Kasich made Ohio an “Employment First” state by executive order, which resulted in an increase in individuals moving into competitive integrated employment. In 2014, 4,580 Ohioans with disabilities were able to find jobs through vocational rehabilitation services provided by the reformed and renamed Opportunities for Ohioans with Disabilities (OOD). One of the best programs to help people with disabilities pursue the American Dream originated in Ohio—Project SEARCH. It has been able to successfully recruit, train and place thousands of people with disabilities into jobs in 43 states across the country. Project SEARCH is achieving a 70 percent success rate in transitioning students with disabilities into competitive, integrated employment. It is a win-win-win model for how to serve the interests of people with disabilities, employers and taxpayers as well.

While there have been gains in jobs for people with disabilities, more work remains to be done in Ohio. There are 812,500 Ohioans with disabilities and, of that number, only 33.5 percent are employed. While additional funding by the General Assembly has eliminated all waiting lists for vocational rehabilitation services, much more work is needed in order to improve employment outcomes for people with disabilities in the Buckeye State.

The progress being made in Ohio has been hampered by the fact that the state returned $18,215,538 to Washington. This hurts economic prospects for people with disabilities–especially the 50,300 Ohioans between the ages of 16 to 20–by not continuing to fund these vocational rehabilitation programs. State vocational rehabilitation programs operate by having the federal government give four dollars for every dollar that is spent by the individual state. However, if the states fail to spend the money or come up with matching funds, then the funds are returned to Washington, D.C.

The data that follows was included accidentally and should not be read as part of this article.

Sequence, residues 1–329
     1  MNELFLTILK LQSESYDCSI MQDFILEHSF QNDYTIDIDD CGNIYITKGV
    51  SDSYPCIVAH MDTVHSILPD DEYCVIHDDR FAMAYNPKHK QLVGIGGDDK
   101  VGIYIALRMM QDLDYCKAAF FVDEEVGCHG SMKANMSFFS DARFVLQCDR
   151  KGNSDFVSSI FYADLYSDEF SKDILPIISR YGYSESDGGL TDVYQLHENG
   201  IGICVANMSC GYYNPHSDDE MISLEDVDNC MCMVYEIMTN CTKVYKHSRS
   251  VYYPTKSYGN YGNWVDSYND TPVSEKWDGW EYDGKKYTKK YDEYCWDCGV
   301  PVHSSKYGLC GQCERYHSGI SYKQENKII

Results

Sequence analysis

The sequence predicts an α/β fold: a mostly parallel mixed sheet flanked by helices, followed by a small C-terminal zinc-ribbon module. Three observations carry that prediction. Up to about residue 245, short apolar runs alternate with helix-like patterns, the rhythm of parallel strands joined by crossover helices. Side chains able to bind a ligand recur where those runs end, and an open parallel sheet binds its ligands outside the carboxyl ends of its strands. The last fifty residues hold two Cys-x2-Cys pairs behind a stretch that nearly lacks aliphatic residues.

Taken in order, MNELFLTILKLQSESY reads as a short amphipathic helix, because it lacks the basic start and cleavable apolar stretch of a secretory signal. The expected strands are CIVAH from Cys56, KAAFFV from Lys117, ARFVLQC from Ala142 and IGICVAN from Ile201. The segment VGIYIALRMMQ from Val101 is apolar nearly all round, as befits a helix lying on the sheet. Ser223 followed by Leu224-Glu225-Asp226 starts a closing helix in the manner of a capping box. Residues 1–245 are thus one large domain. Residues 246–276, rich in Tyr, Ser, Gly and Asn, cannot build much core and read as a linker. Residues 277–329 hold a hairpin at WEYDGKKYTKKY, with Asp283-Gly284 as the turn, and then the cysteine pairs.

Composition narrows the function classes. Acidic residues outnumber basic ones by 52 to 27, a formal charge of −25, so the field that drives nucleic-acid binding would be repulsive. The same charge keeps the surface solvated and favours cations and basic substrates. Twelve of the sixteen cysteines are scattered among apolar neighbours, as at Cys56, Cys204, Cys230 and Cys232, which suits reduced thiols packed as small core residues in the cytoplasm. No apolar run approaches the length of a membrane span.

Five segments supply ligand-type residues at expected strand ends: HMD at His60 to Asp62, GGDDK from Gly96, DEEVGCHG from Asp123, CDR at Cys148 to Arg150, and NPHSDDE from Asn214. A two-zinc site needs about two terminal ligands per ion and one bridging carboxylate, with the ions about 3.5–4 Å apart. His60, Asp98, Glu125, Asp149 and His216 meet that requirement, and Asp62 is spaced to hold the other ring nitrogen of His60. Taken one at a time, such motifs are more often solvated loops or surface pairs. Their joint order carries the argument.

Republican presidential candidate, Ohio Gov. John Kasich speaks during a Town Hall at George Mason University in Fairfax, Va., Monday, Feb. 22, 2016.
Republican presidential candidate, Ohio Gov. John Kasich speaks during a Town Hall at George Mason University in Fairfax, Va., Monday, Feb. 22, 2016.
Published inJohn KasichRepublicans


  1. Cynthia Lacki Cynthia Lacki

    I was the admission caseworker in a “workshop” program. This was a wonderful setting to prepare many for community placement. There were also many people who were served wholly in this environment. Closure of workshops is a huge mistake for thousands of people! It is a set up for many many people to become couch potatoes. This trend is going backwards …. Very sad!

    • Jennifer Jennifer

      Agree, the workshops are important. Kasich is dirty and lying, he doesn’t advocate for those with disabilities. He’s actually tried multiple times to get rid of independent provider nurses for special needs families. He has an approved plan in place now to do just that, it’s heartbreaking how many families are in desperate need of nurses but can’t find anyone because Kasich has cut pay and made it clear that he will phase out that job in favor of agency care.

    • Alan Kurtz Alan Kurtz